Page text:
UIC’s Center for Urban Education Leadership Received Grant to Continue Developing CPS Leaders

Shelby Cosner, center, works with members of the Center for Urban Educational Leadership. The center recently received a grant to work with Chicago Public Schools to develop network leaders.

The UIC Center for Urban Education Leadership received a $250,000 grant to continue its efforts to help Chicago Public Schools’ five-year vision strengthen its leadership pipeline.

The Lloyd A. Fry Foundation’s two-year grant continues the center’s work that began with a $250,000 grant in 2020 to develop network leaders as senior supervisors who perform continuous improvement and support managers in district to develop as instructional leaders.

The school district is the third largest in the nation, behind Los Angeles and New York, with 638 schools and more than 340,000 students. As part of its leadership structure, CPS is organized into networks that provide administrative support, strategic direction, and leadership development to schools in each network.

The grants are designed to continue the development of network leaders to improve school leadership, said Shelby Cosner, director of UIC’s Center for Leadership in Urban Education and the project’s principal investigator.

“At CPS, network leaders are really positioned to amplify school leadership, so when you look at schools and when you think about the theory of what happens in a school that impacts student learning, leadership is among the most important things,” said Cosner, who is a professor of educational policy studies at the UIC College of Education.

During work under the first grant, UIC officials worked with network leaders to become more oriented as “leader developers” by focusing their attention on developing leaders and leadership in each of the schools so that the principal’s or school’s leadership structure can impact the organizations and instruction.

Cosner dubbed the CPS a “sub-district structure” because it is so large. As a result, to make the size of the neighborhood manageable, network leaders hold a lot of power and influence over school education in neighborhood network buildings. There are 21 networks, grouped by region and school type, all under the CPS Network Support Office.

The first year of the grant was spent collecting data so that the center could get a sense of the impact of the networks on schools. This was done by interviewing chiefs and their deputies, principals and other leaders, as well as reviewing documentation.

Shelby Cosner, center, works with members of the Center for Urba
Shelby Cosner, center, works with members of the Center for Urban Educational Leadership.

After the center analyzed all of its data after the first year, UIC officials met with the Network Support Office and worked together to highlight the issues. One of the issues was how to tackle the “high churn schools” that have historically struggled. As they are in underfunded neighborhoods and serve more students of color, deep-seated factors have come to light.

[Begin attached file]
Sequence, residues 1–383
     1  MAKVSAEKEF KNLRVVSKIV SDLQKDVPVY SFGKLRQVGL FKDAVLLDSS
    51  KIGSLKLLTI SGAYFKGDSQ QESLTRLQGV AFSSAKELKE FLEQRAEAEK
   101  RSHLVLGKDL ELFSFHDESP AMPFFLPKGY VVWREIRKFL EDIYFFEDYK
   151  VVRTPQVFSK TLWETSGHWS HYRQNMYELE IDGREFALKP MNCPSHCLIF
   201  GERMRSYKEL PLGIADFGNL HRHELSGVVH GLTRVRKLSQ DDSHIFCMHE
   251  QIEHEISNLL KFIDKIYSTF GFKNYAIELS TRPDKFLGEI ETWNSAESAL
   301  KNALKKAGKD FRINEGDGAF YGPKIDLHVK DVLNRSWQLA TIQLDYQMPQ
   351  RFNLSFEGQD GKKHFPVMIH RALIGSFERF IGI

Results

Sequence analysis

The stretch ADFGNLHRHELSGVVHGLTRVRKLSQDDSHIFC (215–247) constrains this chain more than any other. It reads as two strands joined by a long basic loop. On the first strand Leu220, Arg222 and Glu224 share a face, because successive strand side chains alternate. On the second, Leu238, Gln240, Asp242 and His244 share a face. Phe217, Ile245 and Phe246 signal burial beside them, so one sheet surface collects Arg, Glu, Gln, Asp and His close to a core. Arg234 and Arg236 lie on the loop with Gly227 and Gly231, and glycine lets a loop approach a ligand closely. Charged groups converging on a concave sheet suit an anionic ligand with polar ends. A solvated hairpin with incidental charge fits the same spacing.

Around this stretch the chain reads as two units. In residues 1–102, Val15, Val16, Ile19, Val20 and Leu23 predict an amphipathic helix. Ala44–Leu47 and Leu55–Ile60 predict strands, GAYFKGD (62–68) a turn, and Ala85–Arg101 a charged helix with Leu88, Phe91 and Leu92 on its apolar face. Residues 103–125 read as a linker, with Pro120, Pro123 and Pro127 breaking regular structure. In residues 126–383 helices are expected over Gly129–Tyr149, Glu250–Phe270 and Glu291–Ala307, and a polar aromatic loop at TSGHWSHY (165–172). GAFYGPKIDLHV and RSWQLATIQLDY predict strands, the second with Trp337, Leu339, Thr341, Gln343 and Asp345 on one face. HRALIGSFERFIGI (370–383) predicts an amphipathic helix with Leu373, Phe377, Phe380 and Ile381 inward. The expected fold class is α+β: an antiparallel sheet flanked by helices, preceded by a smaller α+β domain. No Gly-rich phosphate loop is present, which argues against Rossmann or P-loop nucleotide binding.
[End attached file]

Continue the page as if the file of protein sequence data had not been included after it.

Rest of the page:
“When you dig deeper, you find that these schools have dramatically different levels of chronic absenteeism, student homelessness, student mobility, and teacher turnover,” Cosner said. “These four characteristics were not understood to be underlying factors in schools, and they are.”

One of the goals of the new grant is to continue to embrace learning design and collect ongoing data to analyze what teaching, organization, and leadership look like in schools across the district, putting particular emphasis on the difference in “high churn” schools. The objective is to develop strategies between the network and the center to help these schools.

“One of the things we’re looking at right now is living in this high churn space,” Cosner said. “It will be really important that we understand how teaching, organization and leadership… are different in schools with high churn. What are teachers doing differently?”

The purpose of the grant is to come to an understanding of what those issues are, Cosner said. At the same time, there are likely to be many policies and practices at the district level, as well as policies and practices in the wider community, that worsen these conditions, she said. The goal is to design interventions and strategies to address these conditions.

The Lloyd A. Fry Foundation supports organizations with the strength and commitment needed to solve the city of Chicago’s persistent problems resulting from poverty, violence, ignorance and despair. They seek to build the capacity of the individuals and systems that serve them. Their vision is that Chicago provides education, prosperity and hope for all.

In 1933, Lloyd A. Fry founded the Lloyd A. Fry Roofing Company in southwest Chicago. Over the next five decades, the company grew to become the world’s largest manufacturer of asphalt roofing and related products, with nearly 5,000 dedicated employees in manufacturing facilities nationwide. The company was sold to Owens-Corning Fiberglass Corporation in 1977. Much of the proceeds from the sale of the company now serve as an endowment for the Lloyd A. Fry Foundation, which has served the needs of the Chicago community since 1983. .

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